The fantasy sports website DraftKings. Photo: Scott Olson/Getty Images

Depending on where you live, sports betting has either arrived or is likely coming soon. So how will you actually place a bet? On your phone? Or will you need to do your gambling inside of a sports book? Lawmakers are debating that right now.

What's happening: In New York, state delegates are at a standstill on whether bettors in New York should be allowed to bet using a mobile device.

  • The current law states that "an operator shall accept wagers on sports events only from persons physically present in the sports wagering lounge."
  • Yes, but: The servers where mobile bets are received are in the casinos, so isn't that the same thing? That's what legislators in favor of mobile betting are arguing.

The big picture: What New York does here could set a precedent for every other state. Not sure where your state stands in terms of sports betting legislation? Here's a handy tracker.

P.S. ... Even if mobile betting becomes the norm in your state, you won't be able to place a wager from, say, your beach house a few states over.

  • That's still illegal thanks to the Wire Act, which was originally created to stop mob members from betting on rigged sporting events from across the country.

Go deeper: A 1960s anti-Mafia law complicates legal sports betting

Go deeper

In photos: Deadly wildfires devastate California's wine country

The Shady Fire ravages a home as it approaches Santa Rosa in Napa County, California, on Sept. 28. The blaze is part of the massive Glass Fire Complex, which has razed 46,600 acres at 2% containment. Photo: Samuel Corum/Agence France-Presse/AFP via Getty Images

Some 18,700 firefighters are battling 27 major blazes across California, including in the heart of the wine country, where one mega-blaze claimed the lives of three people and forced thousands of others to evacuate this week.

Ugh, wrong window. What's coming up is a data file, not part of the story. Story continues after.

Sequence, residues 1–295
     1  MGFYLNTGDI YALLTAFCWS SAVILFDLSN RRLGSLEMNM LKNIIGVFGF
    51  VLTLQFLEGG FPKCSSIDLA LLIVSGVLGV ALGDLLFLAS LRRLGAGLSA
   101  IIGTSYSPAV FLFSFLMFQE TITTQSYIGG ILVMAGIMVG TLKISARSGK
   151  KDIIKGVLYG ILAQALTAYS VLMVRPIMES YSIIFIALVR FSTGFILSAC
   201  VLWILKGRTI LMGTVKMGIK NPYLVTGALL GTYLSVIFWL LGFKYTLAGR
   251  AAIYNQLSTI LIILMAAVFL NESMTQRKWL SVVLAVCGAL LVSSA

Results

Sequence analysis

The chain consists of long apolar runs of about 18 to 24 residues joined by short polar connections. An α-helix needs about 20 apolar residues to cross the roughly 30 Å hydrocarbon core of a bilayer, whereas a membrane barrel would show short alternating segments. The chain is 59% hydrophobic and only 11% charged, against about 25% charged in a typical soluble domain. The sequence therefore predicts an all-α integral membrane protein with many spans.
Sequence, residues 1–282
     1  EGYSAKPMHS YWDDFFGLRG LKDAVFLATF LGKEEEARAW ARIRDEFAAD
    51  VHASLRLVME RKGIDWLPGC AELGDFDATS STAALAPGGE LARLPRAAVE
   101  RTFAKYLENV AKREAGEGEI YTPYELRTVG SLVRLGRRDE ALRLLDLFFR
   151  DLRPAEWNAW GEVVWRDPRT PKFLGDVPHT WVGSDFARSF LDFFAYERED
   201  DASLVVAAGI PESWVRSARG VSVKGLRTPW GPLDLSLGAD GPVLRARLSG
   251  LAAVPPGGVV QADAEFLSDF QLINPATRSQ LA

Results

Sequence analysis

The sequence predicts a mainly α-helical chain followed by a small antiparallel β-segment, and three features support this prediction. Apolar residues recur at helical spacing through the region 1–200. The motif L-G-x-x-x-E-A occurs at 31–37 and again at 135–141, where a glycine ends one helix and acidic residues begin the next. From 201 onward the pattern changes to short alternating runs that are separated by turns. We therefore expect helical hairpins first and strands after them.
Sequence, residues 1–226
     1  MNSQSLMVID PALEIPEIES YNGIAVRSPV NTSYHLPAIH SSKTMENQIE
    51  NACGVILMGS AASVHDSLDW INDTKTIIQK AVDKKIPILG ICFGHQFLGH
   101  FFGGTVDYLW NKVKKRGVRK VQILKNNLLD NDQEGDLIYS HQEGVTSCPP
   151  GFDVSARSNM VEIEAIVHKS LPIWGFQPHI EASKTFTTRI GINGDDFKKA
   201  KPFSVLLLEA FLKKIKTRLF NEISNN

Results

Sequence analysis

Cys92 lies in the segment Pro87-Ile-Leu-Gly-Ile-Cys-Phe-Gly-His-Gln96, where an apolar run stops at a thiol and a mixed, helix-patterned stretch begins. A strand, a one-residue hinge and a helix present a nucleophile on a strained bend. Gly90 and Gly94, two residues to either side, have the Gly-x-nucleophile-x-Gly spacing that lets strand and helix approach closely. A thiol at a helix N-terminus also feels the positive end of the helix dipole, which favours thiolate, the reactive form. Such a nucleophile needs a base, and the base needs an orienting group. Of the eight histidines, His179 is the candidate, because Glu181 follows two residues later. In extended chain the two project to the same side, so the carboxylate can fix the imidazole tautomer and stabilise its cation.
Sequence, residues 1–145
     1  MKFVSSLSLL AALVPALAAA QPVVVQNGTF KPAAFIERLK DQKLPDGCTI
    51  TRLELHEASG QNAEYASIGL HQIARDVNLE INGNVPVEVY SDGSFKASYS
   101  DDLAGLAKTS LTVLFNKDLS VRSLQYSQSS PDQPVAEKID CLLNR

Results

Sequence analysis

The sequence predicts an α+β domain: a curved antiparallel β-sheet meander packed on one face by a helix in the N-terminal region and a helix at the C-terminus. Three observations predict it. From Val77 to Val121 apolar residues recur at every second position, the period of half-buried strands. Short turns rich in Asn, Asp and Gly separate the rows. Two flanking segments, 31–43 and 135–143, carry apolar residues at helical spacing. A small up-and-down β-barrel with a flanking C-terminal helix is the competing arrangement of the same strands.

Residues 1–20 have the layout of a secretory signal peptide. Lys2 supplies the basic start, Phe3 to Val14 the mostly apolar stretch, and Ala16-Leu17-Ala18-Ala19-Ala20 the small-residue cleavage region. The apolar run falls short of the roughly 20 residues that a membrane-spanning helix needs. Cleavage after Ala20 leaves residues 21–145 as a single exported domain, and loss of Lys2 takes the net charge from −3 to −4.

The big picture: 8,155 wildfires have burned across a record 3.86 million acres, killing 26 people and razing almost 7,900 structures in California in per Cal Fire. Just like the deadly fires of 2017, the wine country has become a wildfires epicenter. Gov. Gavin Newsom has declared a state of emergency in Napa, Sonoma, and Shasta counties.

Updated 2 hours ago - Politics & Policy

Coronavirus dashboard

Illustration: Sarah Grillo/Axios

  1. Global: Total confirmed cases as of 12:30 a.m. ET: 33,560,877 — Total deaths: 1,006,564 — Total recoveries: 23,297,593Map.
  2. U.S.: Total confirmed cases as of 12:30 a.m. ET: 7,190,036 — Total deaths: 205,974— Total recoveries: 2,809,674 — Total tests: 103,155,189Map.
  3. Health: Americans won't take Trump's word on the vaccine, Axios-Ipsos poll finds.
  4. Politics: 7 former FDA commissioners say Trump is undermining agency's credibility
  5. States: NYC's coronavirus positivity rate spikes to highest since June.
  6. Sports: Tennessee Titans close facility amid NFL's first coronavirus outbreak.
  7. World: U.K. beats previous record for new coronavirus cases.
  8. Work: United States of burnout — Asian American unemployment spikes amid pandemic
Mike Allen, author of AM
Updated 2 hours ago - Politics & Policy

The first Trump v. Biden presidential debate was a hot mess

Photos: Jim Watson and Saul Loeb/AFP via Getty Images

This debate was like the country: Everybody’s talking. Nobody’s listening. Nothing is learned. It’s a mess.

  • We were told President Trump would be savage. Turned out, that was a gross understatement. Even the moderator, Fox News' Chris Wallace, got bulldozed.

Why it matters: Honestly, who the hell knows?